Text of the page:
Your Bartell pharmacist is certified to administer all the necessary immunizations and vaccinations for you and your family. Call to make an appointment, or walk-in at your convenience. Whether you need a shingles or pneumonia vaccine, a flu shot, or another type of immunization, we’re committed to seeing you quickly, and providing gentle, friendly care.
Walk-ins are always welcome, but for your convenience we take appointments as well, which can be scheduled by calling your pharmacy.
Hepatitis is a condition that causes inflammation of the liver and can present symptoms such as fever, fatigue, nausea, vomiting and yellow eyes or skin. The hepatitis A virus can be spread by contaminated food or contact with an infected person. There is no specific treatment for hepatitis A, and some people need to be hospitalized. Hepatitis B virus is spread by contact with infected bodily fluids and can eventually cause liver damage, liver cancer, or death.
Gardasil® HPV vaccine can help prevent four types of HPV infection, including the two that most commonly cause cervical cancer in females. The series of three shots is recommended – and most effective – for females between 9 and 12 years of age, before they become sexually active. However, it can also be effective for women up to age 26 who have been sexually active.
Meningitis is a condition in which a virus or bacteria causes the tissue around the brain and spinal cord get inflamed, which can be very painful and cause seizures. The most common symptoms are fever, neck stiffness, and headache. Meningitis is spread by coughing, sneezing, and kissing. A serious infection can lead to brain damage.
Pneumococcal pneumonia is an acute respiratory infection that affects the lungs and can happen to anyone. Although it may resemble a serious cold or flu, it is its own unique illness. Pneumonia can be spread by close contact through sneezing, coughing, or direct contact with the bacteria on any inanimate objects such as door knobs, keyboards, phones, etc. The symptoms can appear quickly and may include chest pain with breathing or coughing, high fever, chills, excessive sweating, fatigue, and/or a cough with phlegm that persists and/or gets worse.
This is a disease that is caused by the same virus that causes chickenpox. Sometimes, when a person gets chickenpox, the virus will “hide” inside nerves long after the person’s chickenpox sores have healed, and it will reappear later as shingles. Only people who have had chickenpox or the chickenpox vaccine can get it. Shingles starts out as a painful rash in one part of the body, and it can cause problems such as nerve pain that can last for years. It cannot spread from person to person, but if someone has a shingles infection, they can spread chickenpox to someone who has never had chickenpox before.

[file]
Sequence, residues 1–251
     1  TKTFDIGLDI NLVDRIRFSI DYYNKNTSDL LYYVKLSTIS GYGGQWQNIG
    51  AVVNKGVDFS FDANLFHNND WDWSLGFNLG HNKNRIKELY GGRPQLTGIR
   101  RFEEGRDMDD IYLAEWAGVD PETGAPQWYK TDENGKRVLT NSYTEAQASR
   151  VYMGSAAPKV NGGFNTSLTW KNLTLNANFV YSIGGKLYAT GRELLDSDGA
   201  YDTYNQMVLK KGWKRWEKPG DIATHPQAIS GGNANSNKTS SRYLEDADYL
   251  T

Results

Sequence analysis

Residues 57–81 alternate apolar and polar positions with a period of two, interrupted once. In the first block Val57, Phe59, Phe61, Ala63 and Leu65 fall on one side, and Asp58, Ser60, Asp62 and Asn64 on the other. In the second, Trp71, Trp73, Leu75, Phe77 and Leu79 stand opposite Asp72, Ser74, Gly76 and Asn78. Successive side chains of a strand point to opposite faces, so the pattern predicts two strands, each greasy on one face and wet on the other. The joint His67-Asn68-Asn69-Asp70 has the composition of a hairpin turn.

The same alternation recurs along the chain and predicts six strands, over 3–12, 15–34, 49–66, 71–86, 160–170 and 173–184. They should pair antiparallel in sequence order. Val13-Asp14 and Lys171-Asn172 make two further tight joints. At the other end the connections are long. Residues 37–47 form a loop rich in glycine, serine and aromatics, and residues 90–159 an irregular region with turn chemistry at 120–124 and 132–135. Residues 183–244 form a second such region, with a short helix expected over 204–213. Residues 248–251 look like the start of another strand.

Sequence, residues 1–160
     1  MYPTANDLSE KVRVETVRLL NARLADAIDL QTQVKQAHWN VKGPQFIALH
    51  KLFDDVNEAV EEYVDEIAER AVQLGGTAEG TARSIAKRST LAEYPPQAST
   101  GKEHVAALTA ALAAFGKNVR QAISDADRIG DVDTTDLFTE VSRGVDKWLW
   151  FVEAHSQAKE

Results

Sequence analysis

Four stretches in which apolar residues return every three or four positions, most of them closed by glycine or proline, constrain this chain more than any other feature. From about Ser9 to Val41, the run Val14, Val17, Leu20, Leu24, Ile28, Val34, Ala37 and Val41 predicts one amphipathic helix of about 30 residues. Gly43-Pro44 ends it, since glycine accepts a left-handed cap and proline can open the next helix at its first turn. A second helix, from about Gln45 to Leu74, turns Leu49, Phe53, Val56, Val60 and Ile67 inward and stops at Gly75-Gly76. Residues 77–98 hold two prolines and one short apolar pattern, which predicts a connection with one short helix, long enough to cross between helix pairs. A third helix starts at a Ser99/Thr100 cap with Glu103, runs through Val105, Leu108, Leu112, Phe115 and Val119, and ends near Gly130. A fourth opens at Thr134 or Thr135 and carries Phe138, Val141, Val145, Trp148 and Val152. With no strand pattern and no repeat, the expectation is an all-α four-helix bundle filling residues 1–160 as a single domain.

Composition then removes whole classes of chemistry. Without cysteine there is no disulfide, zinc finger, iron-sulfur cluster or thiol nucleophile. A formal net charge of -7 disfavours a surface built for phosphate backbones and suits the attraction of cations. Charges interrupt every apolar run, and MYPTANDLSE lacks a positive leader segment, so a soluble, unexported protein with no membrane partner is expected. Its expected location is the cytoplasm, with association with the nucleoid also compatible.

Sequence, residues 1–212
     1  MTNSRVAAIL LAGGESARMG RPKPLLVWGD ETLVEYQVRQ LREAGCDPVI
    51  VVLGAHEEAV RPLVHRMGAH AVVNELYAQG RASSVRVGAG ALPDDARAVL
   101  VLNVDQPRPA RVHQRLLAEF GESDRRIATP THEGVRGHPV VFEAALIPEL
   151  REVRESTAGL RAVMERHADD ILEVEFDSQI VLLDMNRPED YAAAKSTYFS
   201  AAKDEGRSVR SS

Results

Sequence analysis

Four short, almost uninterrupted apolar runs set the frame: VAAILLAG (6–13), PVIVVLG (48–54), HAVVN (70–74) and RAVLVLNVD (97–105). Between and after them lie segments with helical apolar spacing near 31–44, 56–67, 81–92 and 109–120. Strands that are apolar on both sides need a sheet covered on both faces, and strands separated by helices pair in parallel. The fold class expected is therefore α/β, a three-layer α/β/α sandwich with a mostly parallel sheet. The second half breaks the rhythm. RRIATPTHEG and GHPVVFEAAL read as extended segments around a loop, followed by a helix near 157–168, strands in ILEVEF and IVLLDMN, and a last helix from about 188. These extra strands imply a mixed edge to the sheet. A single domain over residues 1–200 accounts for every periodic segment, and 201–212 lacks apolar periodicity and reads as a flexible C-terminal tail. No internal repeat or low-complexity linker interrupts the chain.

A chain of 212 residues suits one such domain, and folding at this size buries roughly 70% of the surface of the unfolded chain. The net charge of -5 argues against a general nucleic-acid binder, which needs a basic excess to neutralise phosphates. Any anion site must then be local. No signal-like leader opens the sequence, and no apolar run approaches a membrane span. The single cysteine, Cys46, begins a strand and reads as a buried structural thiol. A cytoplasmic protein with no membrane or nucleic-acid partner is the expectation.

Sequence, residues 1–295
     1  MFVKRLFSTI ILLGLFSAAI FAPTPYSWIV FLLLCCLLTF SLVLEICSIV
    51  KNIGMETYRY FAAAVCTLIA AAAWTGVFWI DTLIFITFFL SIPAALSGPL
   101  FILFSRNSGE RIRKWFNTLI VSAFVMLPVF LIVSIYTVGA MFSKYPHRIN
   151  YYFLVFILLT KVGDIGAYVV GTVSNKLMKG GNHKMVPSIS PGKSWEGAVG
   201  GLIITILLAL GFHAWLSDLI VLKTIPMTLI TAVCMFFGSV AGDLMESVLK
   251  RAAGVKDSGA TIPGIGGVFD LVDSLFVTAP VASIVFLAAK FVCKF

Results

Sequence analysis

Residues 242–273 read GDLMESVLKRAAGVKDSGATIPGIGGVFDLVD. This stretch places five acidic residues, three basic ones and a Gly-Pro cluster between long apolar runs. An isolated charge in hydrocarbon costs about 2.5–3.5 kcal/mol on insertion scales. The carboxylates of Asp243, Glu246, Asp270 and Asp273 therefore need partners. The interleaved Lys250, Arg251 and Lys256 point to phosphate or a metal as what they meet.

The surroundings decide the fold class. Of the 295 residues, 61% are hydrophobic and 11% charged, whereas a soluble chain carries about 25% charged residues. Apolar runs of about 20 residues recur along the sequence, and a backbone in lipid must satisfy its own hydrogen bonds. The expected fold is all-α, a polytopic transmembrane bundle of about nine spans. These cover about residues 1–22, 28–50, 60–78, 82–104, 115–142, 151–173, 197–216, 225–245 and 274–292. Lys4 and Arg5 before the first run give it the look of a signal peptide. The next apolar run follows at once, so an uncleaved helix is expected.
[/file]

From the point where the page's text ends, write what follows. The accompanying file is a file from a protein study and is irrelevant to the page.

Tetanus is caused by bacteria that enter the body during an injury or anytime the skin is broken and cannot spread from person to person. is a disease that usually starts out with “lockjaw.” It may progress to more serious symptoms, including seizures and death. Diphtheria starts out like the flu, but can become a severe and even fatal respiratory condition. Pertussis, also known as “Whooping Cough” is characterized by severe coughing and sometimes vomiting, Pertussis is caused by bacteria and be especially dangerous for young children
Measles, mumps and rubella are serious diseases that, before the advent of vaccines, were very common in children. They are viruses that can lead to rashes, fever, pain and sometimes seizures. If you’re over 65 or have a weakened immune system due to illness, we advise you to get your MMR vaccination as soon as possible.
Chicken Pox is a common childhood disease. It causes rashes, itching, fever, and can lead to severe skin infections and scars. The Washington State Department of Health now requires all students, kindergarten through high school, to have two doses of the varicella vaccine.
Manage you and your family’s immunization history using the Bartell Drugs MyIR portal. Here you’ll find all your past immunizations, administered by your doctors, pharmacists and other health care professionals. Once you’ve signed in, you can print out an official certificate of your immunization history and choose to receive notifications when you’re due for your next immunization.